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Igor Levit’s latest 2-CD album is a sufficiently epic achievement to make even his finest rivals sound small-minded by comparison. The underlying theme of Life is the journey from the earthly to the seraphic, ‘music whose bleak grandeur and melancholy beauty’ is lovingly chosen by Levit as solace after the death of a close friend.

Busoni’s Fantasia after JS Bach gives us one composer through the prism of another, an elegy in memory of Busoni’s father. Indeed, Busoni is the presiding presence in this extraordinary album, and never more so than in his outsize setting of Liszt’s organ Fantasia and Fugue on the Chorale ‘Ad nos, ad salutarem undam’, most daunting of transcriptions. And whether you hear Levit in the transfiguring glow of his sonority in the central Adagio or find your pulse racing in his wild acceleration – like a suddenly applied centrifugal force – you will hear an inclusive if Mephistophelian virtuosity known to very few pianists.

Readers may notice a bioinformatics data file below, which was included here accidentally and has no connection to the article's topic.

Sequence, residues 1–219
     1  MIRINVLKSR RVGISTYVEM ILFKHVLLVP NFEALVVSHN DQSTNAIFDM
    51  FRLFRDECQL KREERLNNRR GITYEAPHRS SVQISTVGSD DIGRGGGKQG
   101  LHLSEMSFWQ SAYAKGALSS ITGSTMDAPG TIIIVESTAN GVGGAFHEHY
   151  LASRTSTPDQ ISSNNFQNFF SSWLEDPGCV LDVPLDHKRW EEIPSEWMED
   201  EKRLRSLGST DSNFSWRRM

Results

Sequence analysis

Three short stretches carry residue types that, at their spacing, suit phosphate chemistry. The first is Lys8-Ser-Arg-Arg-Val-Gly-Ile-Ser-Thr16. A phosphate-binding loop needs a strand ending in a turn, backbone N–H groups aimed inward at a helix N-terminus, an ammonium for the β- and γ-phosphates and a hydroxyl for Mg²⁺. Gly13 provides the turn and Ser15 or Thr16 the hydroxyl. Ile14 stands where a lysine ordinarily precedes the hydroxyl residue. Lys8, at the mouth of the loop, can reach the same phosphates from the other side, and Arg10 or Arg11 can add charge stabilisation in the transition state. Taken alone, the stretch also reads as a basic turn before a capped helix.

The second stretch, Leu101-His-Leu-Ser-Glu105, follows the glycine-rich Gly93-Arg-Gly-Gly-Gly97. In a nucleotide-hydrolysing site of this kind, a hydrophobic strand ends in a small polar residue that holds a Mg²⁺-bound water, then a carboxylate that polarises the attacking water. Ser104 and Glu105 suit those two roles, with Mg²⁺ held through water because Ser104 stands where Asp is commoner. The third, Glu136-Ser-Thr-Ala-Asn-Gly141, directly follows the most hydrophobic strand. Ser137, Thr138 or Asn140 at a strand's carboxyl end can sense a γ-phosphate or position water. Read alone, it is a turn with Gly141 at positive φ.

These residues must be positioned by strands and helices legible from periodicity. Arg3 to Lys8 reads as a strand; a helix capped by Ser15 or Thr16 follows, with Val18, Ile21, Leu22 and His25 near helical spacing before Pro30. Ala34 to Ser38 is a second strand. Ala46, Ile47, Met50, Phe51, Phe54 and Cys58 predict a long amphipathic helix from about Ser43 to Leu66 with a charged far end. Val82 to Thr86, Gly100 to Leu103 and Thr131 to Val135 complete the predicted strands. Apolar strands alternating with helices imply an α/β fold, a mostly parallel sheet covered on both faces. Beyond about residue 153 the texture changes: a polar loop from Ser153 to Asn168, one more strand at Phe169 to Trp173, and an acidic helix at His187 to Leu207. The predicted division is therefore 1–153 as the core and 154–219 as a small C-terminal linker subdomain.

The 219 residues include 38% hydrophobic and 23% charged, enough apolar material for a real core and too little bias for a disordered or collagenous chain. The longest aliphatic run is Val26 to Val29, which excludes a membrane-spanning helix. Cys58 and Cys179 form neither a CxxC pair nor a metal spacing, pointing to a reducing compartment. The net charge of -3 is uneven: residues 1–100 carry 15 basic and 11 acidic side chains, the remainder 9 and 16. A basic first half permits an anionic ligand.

Levit sees Brahms’ left-hand arrangement of Bach’s Chaconne as far more than a slim alternative to Busoni’s necessarily more opulent setting, and his choice of Schumann’s valedictory Ghost Variations reveals a world where all former exuberance is forgotten in an engulfing darkness of the spirit. Busoni’s Berceuse is, again, an unsettling elegy in memory of the composer’s mother, while Rzewski’s A Mensch and Bill Evans’ Peace Piece add a further shaft of light and novel dimension. Levit may confess to finding Chopin ‘dumb’ yet Evans’ gently rocking bassline supporting intermittent cascades surely recalls Chopin’s Berceuse, as well as the comfort and final optimism of Shakespeare’s Winter’s Tale: ‘Thou met’st with things dying, I with things new born.’

Igor Levit’s Life is as awe-inspiring as it is thought-provoking, crowned by Sony’s lavish presentation and outstanding sound.

BRYCE MORRISON Read the full review on Agora Classica


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